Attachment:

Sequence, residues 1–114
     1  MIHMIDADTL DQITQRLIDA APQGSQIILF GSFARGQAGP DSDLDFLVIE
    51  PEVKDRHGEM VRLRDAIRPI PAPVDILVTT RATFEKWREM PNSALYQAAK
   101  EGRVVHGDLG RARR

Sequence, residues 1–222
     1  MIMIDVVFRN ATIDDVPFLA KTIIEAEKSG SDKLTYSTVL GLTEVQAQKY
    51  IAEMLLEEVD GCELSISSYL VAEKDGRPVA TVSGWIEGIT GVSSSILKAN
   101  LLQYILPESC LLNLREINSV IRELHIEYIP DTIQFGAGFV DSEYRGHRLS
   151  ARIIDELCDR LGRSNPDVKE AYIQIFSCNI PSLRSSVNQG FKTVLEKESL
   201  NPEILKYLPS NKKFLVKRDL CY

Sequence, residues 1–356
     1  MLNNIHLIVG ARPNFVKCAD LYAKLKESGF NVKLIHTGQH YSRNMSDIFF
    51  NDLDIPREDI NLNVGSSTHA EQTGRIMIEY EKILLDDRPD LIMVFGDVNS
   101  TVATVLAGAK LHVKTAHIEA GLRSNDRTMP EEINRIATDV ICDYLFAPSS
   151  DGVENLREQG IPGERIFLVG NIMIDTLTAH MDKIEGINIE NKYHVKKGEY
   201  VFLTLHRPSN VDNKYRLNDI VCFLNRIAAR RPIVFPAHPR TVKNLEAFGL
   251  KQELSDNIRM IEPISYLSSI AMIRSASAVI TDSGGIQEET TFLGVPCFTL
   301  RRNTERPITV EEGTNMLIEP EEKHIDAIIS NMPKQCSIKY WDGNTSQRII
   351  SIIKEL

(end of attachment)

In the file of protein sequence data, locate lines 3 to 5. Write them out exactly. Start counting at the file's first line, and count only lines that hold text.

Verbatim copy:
    51  PEVKDRHGEM VRLRDAIRPI PAPVDILVTT RATFEKWREM PNSALYQAAK
   101  EGRVVHGDLG RARR

Sequence, residues 1–222